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Parasitic and Protozoal Infections

  • Carolina Talhari
  • Sílvia Nakajima
  • Bernardo Gontijo
Chapter

Abstract

This chapter addresses the major parasitic and protozoal diseases with dermatologic effects, particularly in relation to epidemiologic, clinical, and therapeutic aspects. Public health in various regions of the world is affected by arthropod infections, insect infections, hemiptera infections, dipterous larvae infestations, helminthic infections, and protozoal infections. Some of these diseases are considered “neglected,” and a major effort should be made by government authorities, health institutions, and health professionals to better control their incidence and prevalence rates.

Keywords

Infections Infestations Arthropod Insect Hemiptera Dipterous Larva Helminthic Protozoal Scabies Demodicosis Head lice Body Triatomine Bug Bed Myiasis Migrans Leishmaniasis 

Notes

Glossary

Amastigote

Two developmental stages are formed (Leishmania): the amastigotes are small spherical nonflagellated cells ranging from 2 to 4 μm in diameter. The nucleus and kinetoplast are surrounded by small ring of vacuolated cytoplasm and the cells are among the smallest nucleated cells known.

Anergic pole/hyperergic pole

The two pathogenicity extremes of the spectrum generally recognized are represented at the hypersensitivity pole by mucocutaneous leishmaniasis (MCL) and at the hyposensitivity pole by anergic diffuse cutaneous leishmaniasis (ADCL).

Colonization

The human body harbors a large number of bacteria but their localization in healthy individuals is normally restricted to certain body areas such as the skin, the mucosae of buccal and nasal cavities, vagina, and, most importantly, the gastrointestinal tract. Colonization is the act of setting up a colony away from one’s place of origin.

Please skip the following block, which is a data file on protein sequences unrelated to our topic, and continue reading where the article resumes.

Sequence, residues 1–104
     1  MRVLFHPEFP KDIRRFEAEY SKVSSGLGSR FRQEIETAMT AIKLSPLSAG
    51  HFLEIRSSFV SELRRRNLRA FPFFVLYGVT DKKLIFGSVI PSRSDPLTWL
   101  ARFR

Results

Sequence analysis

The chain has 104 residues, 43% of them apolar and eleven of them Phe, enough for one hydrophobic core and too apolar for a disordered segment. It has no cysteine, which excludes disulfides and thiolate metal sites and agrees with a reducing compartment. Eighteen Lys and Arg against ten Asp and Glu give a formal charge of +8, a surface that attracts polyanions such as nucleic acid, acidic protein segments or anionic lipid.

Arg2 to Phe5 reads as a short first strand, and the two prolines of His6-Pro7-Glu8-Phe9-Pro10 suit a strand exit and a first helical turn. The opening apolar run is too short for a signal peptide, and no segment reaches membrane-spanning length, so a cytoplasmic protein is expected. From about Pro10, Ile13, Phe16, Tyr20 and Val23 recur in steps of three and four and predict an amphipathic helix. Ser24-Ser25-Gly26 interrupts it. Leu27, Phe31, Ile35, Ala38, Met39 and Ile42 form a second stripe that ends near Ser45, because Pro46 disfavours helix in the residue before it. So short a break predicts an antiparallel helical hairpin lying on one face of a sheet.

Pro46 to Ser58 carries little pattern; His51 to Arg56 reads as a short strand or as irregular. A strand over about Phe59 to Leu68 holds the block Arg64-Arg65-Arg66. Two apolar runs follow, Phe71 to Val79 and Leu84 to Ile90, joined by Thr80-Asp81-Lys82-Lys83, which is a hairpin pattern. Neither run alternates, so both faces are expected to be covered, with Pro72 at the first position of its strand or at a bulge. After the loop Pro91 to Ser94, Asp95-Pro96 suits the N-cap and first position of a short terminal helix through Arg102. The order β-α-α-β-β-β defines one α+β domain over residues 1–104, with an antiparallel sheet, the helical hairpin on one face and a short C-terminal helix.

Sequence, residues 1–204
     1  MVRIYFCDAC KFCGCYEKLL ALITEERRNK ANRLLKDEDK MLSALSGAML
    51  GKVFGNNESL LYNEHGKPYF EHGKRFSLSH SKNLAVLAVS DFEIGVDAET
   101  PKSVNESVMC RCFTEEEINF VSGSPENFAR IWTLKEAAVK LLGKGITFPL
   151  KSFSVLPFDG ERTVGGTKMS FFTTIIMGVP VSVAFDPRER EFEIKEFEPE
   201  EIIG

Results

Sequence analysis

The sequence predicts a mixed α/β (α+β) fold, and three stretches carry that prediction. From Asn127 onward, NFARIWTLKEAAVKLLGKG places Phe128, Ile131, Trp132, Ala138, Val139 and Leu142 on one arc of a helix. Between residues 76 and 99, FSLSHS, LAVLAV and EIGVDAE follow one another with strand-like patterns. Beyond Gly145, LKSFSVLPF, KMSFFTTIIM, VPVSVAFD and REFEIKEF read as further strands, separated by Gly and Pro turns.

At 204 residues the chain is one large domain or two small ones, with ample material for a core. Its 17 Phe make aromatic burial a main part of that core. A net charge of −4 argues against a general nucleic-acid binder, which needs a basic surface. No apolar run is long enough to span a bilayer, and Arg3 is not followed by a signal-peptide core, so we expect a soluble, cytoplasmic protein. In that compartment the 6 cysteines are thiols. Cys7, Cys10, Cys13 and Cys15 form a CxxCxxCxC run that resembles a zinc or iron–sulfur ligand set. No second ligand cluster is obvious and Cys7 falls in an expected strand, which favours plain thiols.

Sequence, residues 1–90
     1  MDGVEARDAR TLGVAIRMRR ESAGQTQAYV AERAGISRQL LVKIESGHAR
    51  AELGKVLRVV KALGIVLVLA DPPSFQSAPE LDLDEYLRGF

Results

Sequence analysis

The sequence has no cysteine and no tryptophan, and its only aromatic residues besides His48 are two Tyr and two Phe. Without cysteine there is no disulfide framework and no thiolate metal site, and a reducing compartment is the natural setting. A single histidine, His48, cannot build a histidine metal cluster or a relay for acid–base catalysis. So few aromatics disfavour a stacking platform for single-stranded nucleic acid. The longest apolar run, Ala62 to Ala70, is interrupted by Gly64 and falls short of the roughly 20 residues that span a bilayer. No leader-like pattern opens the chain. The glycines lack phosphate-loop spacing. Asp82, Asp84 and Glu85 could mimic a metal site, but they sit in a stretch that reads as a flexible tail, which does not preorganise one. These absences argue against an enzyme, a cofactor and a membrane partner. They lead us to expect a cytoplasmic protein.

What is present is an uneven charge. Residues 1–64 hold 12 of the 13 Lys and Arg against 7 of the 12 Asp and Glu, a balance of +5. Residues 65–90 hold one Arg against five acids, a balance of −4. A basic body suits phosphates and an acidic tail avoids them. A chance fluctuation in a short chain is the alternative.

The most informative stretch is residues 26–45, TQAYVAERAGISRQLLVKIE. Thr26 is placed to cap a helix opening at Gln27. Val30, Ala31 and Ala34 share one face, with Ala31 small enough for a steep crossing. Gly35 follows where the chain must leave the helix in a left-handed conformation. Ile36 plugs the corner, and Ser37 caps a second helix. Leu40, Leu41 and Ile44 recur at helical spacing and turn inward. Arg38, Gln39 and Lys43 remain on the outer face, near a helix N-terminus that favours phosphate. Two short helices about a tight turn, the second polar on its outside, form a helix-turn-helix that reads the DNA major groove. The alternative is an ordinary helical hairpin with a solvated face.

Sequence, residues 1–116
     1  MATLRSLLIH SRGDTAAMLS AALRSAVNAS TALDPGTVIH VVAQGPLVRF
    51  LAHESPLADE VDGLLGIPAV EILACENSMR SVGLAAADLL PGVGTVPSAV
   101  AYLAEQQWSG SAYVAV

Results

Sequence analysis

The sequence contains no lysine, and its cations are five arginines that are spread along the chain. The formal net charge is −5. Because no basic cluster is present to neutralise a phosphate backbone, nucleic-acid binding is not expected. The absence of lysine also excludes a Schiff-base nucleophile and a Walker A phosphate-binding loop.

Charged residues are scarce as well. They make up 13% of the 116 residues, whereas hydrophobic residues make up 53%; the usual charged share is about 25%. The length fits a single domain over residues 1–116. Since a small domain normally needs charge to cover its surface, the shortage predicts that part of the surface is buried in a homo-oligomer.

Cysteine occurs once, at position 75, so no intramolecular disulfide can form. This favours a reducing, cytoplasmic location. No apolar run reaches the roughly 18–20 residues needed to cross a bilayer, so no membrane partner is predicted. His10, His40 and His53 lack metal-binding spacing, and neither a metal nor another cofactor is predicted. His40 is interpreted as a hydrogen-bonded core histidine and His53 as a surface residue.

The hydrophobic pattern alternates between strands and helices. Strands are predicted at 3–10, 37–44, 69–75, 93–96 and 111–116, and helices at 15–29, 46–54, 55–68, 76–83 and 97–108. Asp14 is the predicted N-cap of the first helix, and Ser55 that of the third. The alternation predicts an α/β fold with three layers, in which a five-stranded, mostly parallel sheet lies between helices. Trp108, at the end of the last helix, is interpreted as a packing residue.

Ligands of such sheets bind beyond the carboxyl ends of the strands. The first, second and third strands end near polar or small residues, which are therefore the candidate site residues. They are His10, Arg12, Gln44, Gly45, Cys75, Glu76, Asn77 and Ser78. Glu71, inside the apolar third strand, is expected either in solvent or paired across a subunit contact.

Ectoparasite

A parasite that lives on or in the skin but not within the body.

Fomite

A fomes or fomite is any nonliving object or substance capable of carrying infectious organisms, such as germs or parasites and hence transferring them from one individual to another. Skin cells, hair, clothing, and bedding are common hospital sources of contamination.

Hyaluronidase

A family of enzymes that degrade hyaluronic acid.

Infestations

Parasites, including harmful nanites, cause infestations, which are a type of affliction similar to diseases. Also known as or related to infestation by pediculus, pubic louse infestation, pediculosis pubis, and pediculosis.

Monilethrix

A condition that affects hair growth. Its most characteristic feature is that individual strands of hair have a beaded appearance like the beads of a necklace.

Promastigote

Two developmental stages are formed (Leishmania): amastigotes and promastigotes. Promastigotes are thin elongated cells with an anterior kinetoplast and an emergent free flagellum.

Proteases

Any enzyme that performs proteolysis, that is, begins protein catabolism by hydrolysis of the peptide bonds that link amino acids together in a polypeptide chain.

Skin microbiota

The skin flora, more properly referred to as the skin microbiota, are the microorganisms which reside on the skin.

Th1 response

The Th1 response is characterized by the production of interferon-γ, which activates the bactericidal activities of macrophages, induces B cells to make opsonizing (coating) and complement-fixing antibodies, and leads to cell-mediated immunity.

Th2 response

The Th2 response is characterized by the release of interleukin-5, which induces eosinophils in the clearance of parasites. Th2 also produce interleukin-4, which facilitates B-cell isotype switching. In general, Th2 responses are more effective against extracellular bacteria, parasites including helminths, and toxins.

Trichorrhexis nodosa

A defect in the hair shaft characterized by thickening or weak points (nodes) that cause the hair to break off easily.

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Copyright information

© Springer International Publishing Switzerland 2018

Authors and Affiliations

  • Carolina Talhari
    • 1
  • Sílvia Nakajima
    • 2
  • Bernardo Gontijo
    • 3
  1. 1.Department of DermatologyState University of AmazonManausBrazil
  2. 2.Alfredo da Matta FoundationManausBrazil
  3. 3.Federal University of Minas Gerais Medical SchoolBelo HorizonteBrazil

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